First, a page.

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Carya illinoinensis 'Chickasaw'

Common Name(s):

Phonetic Spelling
KAIR-yuh il-ih-no-in-EN-sis
Description

Hardy pecan 'Chickasaw' is a cultivar tree in the Juglandaceae (walnut) family. Bred by L. D. Romberg in 1944 it is a cross between 'Brooks' and 'Evers'.  It is grown mostly for its delicious edible nuts that appear in the summer after an insignificant bloom.   This particular cultivar is known for its dramatic fluctuation in bearing nuts; production can be inconsistent with a harvest of poor-quality nuts followed the next year by low yield.

'Chickasaw' grows best in full sun. It tolerates clay, sand, and loam soils—neutral to acidic—as long as they are well drained. It has high drought tolerance once established. Learn more about selection, planting, and care of pecan trees.

'Chickasaw' will usually grow 30 to 40 feet tall with a spread of 30 to 40 feet. This deciduous tree has a fine texture and spreading form. It was bred to have moderate disease resistance to pecan scab.

Pollination is the second most important factor in purchasing pecan trees. Pecan trees are monoecious: they have separate male and female flowers on the same tree. Pollen is not released when flowers are receptive, so pollination within and between the same cultivars is limited. Cultivars are separated into type I and type II for pollination purposes. 'Chickasaw' is a type II pollinator.  For optimum pollination, NC State Extension recommends planting at least three cultivars with at least one of each pollination type for best cross-pollination. All cultivars have positive and negative attributes, so do your research before purchasing.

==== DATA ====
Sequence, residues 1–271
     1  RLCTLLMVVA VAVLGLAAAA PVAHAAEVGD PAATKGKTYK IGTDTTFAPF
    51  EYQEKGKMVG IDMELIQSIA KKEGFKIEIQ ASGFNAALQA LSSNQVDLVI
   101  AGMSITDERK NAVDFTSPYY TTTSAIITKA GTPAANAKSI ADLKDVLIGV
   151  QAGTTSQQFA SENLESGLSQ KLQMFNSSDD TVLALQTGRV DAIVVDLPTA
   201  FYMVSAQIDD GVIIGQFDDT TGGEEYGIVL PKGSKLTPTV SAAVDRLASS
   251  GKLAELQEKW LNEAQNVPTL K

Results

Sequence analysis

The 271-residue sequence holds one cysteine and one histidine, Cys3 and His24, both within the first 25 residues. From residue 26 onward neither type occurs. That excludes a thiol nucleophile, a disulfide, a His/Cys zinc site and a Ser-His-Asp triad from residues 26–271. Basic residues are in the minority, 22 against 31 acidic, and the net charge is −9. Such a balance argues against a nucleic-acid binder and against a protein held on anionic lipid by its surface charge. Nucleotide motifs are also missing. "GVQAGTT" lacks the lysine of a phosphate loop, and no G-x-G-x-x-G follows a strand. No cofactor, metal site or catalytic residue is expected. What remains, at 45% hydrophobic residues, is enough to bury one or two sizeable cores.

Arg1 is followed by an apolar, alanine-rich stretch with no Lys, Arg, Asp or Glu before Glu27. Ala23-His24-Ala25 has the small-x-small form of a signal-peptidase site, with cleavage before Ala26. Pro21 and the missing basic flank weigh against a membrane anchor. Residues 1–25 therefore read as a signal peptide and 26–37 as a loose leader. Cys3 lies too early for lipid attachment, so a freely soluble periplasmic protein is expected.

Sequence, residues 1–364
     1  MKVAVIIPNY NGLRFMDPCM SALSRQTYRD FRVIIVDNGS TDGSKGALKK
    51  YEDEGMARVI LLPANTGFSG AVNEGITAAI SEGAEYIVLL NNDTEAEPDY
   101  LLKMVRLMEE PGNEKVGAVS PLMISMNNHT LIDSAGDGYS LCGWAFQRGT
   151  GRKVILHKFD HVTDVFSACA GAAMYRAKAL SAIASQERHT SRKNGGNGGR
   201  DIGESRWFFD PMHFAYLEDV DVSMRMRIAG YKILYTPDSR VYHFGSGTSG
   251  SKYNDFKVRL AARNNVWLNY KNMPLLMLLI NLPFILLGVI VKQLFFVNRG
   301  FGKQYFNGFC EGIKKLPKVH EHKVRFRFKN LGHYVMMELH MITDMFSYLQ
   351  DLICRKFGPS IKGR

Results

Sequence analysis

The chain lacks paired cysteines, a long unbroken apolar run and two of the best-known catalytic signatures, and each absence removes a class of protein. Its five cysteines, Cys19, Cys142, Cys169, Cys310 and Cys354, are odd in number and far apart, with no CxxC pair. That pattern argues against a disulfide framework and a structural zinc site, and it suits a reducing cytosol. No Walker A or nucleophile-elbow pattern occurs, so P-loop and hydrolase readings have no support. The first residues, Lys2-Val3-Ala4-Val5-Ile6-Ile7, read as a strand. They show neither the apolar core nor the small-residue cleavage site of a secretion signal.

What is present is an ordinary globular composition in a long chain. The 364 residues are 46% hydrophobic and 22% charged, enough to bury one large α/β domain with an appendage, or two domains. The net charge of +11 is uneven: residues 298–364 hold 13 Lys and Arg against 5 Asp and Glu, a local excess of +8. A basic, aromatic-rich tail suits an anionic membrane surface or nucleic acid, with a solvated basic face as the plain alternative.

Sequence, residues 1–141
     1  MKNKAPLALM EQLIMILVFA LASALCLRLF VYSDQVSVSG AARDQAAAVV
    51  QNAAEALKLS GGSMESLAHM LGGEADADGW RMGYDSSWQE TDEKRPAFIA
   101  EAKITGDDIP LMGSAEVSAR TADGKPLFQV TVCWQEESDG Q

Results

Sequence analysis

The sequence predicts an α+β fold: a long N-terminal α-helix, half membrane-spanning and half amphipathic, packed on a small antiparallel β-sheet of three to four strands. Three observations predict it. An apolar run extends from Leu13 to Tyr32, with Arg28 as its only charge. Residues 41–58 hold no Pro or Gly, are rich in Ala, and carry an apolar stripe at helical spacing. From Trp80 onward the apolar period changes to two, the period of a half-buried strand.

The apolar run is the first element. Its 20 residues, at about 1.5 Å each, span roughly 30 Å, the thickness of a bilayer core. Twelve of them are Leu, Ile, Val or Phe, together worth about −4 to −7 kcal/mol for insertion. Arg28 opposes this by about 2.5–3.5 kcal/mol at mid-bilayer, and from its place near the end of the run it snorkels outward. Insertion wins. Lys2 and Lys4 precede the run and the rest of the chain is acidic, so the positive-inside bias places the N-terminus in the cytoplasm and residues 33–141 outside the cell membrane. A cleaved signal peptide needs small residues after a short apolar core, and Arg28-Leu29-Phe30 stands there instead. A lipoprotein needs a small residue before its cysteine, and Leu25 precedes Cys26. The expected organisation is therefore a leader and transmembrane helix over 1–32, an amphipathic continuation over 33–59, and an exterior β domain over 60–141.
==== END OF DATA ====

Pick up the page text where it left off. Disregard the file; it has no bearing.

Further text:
Nut production can be reduced in the northern part of its growing range, especially when spring is late and the summer is cool. It can be difficult to transplant due to a deep taproot, so choose your planting location wisely with its large mature size in mind. Pecans tolerate being planted near black walnut trees. This tree requires a medium amount of maintenance. 

Due to its size, this is a tree most appropriate for a large property. It makes a good shade tree in a naturalized, woodland, or recreational area and as part of a children’s, edible, or pollinator garden.

Quick ID Hints:

  • Leaves are alternate, pinnately compound
  • Leaflets are falcate, crenate

Insects, Diseases, and Other Plant Problems:  Aphids, pecan weevils, stink bugs, twig girdlers, and fall webworms can cause some issues. Powdery mildew, peach leaf curl, fire blight, brown rot, bacterial spot, and cedar apple rust. Scab can infect both nuts and foliage, but scab-resistant cultivars are available. Pecans are known for their brittle branches prone to breakage, especially in wind, and late frosts can reduce nut production.  Dropped nuts can be messy on hardscaped surfaces.

VIDEO Created by Elisabeth Meyer for "Edibles, Bulbs, and Houseplants" a plant identification course offered in partnership with Longwood Gardens.   

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Tags: